17. Awesome! hopefully this helps me, too!!

  18. You want pro opinion? Well have it.
    1)Yes, there is just a little bit bad about the game: Heavy and Medic are gays, but this can be only found out in fan made videos, and nothing in-game shows this. There is a lot of blood.
    2)Scout: don’t show your dad the Scout’s Primary weapon (Scattergun/ Force-O-Nature/ Soda Popper/ etc.) taunt. Cuse he slapps his own not telling you what in cace you let your dad read this.
    3)The good thing about ANY video-game (including TF2) is that you have to think. Matt said ” walking up to others and shooting them “point blank.” ” I don’t agree with that. Well, maybe in case of Scout or Heavy this is true, but, let’s take the Spy. Think: what’s the right time to sap engi’s sentry gun, uncloack – buckstab – cloack so that you don’t get spotted, right character to duisguise as, (i think it will be very foolish if a sniper will go to his intel room, so if you go for the Intellegnce, duisguising as a Snipr is a very bad idea, and much much more.
    If you need more information, contact me on

  19. How in the world do you compare a game that had blood and body parts to football and rugby? One is active physical participation while the other is a passive blob in front of a screen.

    We are desensitizing our children to killing and aggressive behavior. It’s sad to see parents think that because this is “cartoonish blood and killing” it makes it OK.

    Before you go an call me a crazy kook who doesn’t know how the modern world operates, all I can say is, “you’re wrong!”

  20. @Mother, did you read the entire article above? Not trying to sound rude, but there are good reasons going FOR video games influencing violence and lazyness, but nearly the entirety of the article are the good reasons of how they DON’T influence violence and aggression.

  21. is this game ok for a 13 year old.
    I love this game but if it is able to desensitize me I would rather quit

  22. like I said I love this game
    but I’ll quit

    Mother are you actually a mom

  23. Thnx alot, I’m trying to convince my parents to let me play at the moment, and this article really helped. Also, I have Call Of Duty: Black Ops 2, and in my opinion, camparing that to TF2, Tft is Elmo with bubbleguns, do you agree? Btw, I’m 13 if that helps at all, lol

  24. This is me a 10 year old talking. I never played this game. Neither do I mind the blood and gore. If your child takes dying/losing etc easily like me. Then the game is allowed. But the best age to start playing is at the age of 14. Because that seems more mature. Although many people found a way to get rid of the blood and gore. The fact that you have to “kill” and end a life of a enemy in a virtual life might result in the child becoming slightly aggresive depending on age. When I die or lose in a FPS shooter then I dont take it seriously like other kids do. Sometimes I even laugh positvely when I die. However it might get VERY frustrating when you cant win the game nor enjoy it. This disses me off heavilly. Other than that. Trust the critics! If I were a critic I would change the age rating to 14. However if your child is young and wants a harmless gun shooting experience in real life then there is a brand of toy guns called Nerf. The company makes toy gund. The bullets are very soft, squishy and are made out of sponge. This allows for friendly play for indoors and outdoors. When a bullet hits you then it only hurts a little. As if somebody pinched you. However if the child is sensetive to pain wether it is related to a disorder or natural then I dont reccomend this toy brand if you are going to play with others.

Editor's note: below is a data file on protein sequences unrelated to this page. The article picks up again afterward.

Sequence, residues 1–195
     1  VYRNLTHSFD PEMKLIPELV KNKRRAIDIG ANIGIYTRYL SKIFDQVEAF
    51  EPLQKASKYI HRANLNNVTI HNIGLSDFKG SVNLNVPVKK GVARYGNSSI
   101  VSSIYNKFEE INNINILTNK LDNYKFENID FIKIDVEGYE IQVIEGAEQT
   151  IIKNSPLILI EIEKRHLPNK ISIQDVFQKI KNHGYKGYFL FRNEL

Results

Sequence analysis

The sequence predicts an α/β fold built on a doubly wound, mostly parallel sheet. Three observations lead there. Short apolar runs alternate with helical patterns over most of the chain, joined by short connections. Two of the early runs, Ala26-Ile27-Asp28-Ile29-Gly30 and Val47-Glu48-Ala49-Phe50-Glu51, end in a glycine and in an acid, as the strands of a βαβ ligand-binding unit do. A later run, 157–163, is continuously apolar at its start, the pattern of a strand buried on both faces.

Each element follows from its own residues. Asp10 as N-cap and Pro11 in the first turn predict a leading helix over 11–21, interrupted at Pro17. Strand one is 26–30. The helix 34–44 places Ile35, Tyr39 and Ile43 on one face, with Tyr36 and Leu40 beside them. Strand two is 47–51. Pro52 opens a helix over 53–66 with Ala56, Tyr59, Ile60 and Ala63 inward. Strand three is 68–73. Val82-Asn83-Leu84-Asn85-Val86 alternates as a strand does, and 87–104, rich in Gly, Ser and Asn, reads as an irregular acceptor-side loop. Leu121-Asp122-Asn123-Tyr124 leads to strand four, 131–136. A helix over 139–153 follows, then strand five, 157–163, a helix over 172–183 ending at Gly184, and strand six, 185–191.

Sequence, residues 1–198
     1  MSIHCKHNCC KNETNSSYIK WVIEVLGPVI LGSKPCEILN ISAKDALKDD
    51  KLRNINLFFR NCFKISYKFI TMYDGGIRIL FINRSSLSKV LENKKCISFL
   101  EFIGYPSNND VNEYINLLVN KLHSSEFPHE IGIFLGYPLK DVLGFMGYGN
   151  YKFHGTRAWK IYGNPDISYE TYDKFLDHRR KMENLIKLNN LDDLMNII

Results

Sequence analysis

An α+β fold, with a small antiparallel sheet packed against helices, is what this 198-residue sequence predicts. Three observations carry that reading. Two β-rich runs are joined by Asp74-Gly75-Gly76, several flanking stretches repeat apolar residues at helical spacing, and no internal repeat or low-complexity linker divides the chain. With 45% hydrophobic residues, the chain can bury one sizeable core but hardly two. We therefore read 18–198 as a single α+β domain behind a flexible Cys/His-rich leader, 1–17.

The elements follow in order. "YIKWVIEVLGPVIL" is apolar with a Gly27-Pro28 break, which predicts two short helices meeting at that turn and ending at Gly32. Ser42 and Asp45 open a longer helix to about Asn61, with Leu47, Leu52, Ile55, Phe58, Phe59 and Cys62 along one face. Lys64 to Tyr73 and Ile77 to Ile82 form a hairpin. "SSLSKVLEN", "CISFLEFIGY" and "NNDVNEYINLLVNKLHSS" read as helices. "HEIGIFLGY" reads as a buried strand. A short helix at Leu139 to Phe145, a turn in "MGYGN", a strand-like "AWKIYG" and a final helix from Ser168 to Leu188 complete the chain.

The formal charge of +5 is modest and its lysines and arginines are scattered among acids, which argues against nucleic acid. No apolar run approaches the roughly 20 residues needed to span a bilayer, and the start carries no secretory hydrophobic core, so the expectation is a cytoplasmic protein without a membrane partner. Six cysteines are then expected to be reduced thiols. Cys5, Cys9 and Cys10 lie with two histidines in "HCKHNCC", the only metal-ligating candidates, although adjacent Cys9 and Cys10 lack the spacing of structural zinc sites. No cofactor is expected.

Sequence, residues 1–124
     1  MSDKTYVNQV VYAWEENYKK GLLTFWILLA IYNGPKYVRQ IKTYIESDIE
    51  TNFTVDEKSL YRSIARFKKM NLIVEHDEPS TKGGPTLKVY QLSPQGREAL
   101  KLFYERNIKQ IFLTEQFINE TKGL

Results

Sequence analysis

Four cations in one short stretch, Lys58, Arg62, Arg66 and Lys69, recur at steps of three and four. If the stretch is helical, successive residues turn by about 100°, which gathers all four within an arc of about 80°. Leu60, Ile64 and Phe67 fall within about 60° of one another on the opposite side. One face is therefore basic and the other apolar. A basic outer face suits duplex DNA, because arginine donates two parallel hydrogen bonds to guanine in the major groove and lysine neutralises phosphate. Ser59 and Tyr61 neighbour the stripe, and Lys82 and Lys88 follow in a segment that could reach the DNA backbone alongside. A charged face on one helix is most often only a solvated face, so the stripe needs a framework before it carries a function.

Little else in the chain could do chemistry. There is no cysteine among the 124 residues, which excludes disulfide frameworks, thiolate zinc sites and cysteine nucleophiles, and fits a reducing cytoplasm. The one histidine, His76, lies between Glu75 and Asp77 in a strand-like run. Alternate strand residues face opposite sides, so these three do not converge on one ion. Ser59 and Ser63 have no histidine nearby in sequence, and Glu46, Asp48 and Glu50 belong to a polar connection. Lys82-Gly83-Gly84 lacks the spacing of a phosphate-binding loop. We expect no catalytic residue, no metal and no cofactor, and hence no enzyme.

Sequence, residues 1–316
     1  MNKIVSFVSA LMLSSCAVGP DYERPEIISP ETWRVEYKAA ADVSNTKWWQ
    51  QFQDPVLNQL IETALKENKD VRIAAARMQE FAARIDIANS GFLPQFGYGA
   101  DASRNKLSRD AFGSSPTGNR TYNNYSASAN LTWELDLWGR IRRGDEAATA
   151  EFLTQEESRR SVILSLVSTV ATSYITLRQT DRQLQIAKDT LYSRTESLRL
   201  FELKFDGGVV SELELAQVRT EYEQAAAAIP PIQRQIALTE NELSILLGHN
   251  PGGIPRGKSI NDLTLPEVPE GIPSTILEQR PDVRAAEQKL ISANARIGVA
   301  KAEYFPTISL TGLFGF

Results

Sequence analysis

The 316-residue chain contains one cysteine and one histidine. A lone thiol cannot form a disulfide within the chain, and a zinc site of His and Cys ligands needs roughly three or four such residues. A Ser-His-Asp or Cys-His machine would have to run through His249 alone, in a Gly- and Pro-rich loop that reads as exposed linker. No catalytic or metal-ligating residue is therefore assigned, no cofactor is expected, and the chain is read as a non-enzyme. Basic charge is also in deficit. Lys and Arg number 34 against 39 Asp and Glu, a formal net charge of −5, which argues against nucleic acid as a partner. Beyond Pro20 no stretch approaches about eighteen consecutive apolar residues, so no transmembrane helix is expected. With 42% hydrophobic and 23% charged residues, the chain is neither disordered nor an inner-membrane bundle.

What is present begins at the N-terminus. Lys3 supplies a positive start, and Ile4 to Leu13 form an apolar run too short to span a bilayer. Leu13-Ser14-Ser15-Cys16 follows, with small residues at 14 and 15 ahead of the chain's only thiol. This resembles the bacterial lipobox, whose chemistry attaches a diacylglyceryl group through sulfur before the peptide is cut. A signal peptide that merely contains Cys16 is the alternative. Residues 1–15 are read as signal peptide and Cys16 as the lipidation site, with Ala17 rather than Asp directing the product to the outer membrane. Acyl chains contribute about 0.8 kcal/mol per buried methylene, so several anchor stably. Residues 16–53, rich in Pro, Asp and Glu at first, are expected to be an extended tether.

25. My 13 year old is obsessed with this game. He wants to stop doing his sport and music and other activities, arguing that because he is a straight A student he can do what he wants with his leisure time. Which is, basically, being on the game for 3 hours at a stretch, surfacing occasionally to do something else. He uses up all our broadband allowance and i refuse to get more. It makes him listless, sometimes aggressive. He leaves the dinnertable as soon as he finished eating, to return to it. I have got to the point of disconnecting the modem and setting clear boundaries, which are generally ignored whenever possible. All family discussions have failed. It is not the violence, cartoonish or not, that worries me; it is that it is clearly ADDICTIVE for certain kids, and an escape from the real world. Before this it was Clash of Clans; another game with no end point – these games just carry on and on. And on.

  26. Aus dad, I think that it is not the game that is addictive, but rather that YOU are incompetent at setting boundaries. Your son needs something else to do, not an angry father saying he is addicted. Maybe help him find something else to do, though i reckon he will be over the ‘addiction’ by now.